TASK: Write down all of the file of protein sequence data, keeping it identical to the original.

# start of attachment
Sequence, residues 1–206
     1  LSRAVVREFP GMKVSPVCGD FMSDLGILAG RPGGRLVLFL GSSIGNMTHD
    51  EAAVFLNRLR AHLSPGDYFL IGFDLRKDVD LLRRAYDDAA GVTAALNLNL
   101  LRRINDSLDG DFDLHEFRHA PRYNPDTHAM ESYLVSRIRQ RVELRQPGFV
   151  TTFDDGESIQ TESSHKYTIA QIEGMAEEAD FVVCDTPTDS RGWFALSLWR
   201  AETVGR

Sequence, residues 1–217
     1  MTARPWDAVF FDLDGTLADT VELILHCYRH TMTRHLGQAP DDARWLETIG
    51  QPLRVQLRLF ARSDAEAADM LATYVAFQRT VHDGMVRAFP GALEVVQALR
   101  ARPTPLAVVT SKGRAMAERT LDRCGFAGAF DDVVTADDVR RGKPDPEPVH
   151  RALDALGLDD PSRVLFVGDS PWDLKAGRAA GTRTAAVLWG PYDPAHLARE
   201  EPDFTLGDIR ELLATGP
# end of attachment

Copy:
Sequence, residues 1–206
     1  LSRAVVREFP GMKVSPVCGD FMSDLGILAG RPGGRLVLFL GSSIGNMTHD
    51  EAAVFLNRLR AHLSPGDYFL IGFDLRKDVD LLRRAYDDAA GVTAALNLNL
   101  LRRINDSLDG DFDLHEFRHA PRYNPDTHAM ESYLVSRIRQ RVELRQPGFV
   151  TTFDDGESIQ TESSHKYTIA QIEGMAEEAD FVVCDTPTDS RGWFALSLWR
   201  AETVGR

Sequence, residues 1–217
     1  MTARPWDAVF FDLDGTLADT VELILHCYRH TMTRHLGQAP DDARWLETIG
    51  QPLRVQLRLF ARSDAEAADM LATYVAFQRT VHDGMVRAFP GALEVVQALR
   101  ARPTPLAVVT SKGRAMAERT LDRCGFAGAF DDVVTADDVR RGKPDPEPVH
   151  RALDALGLDD PSRVLFVGDS PWDLKAGRAA GTRTAAVLWG PYDPAHLARE
   201  EPDFTLGDIR ELLATGP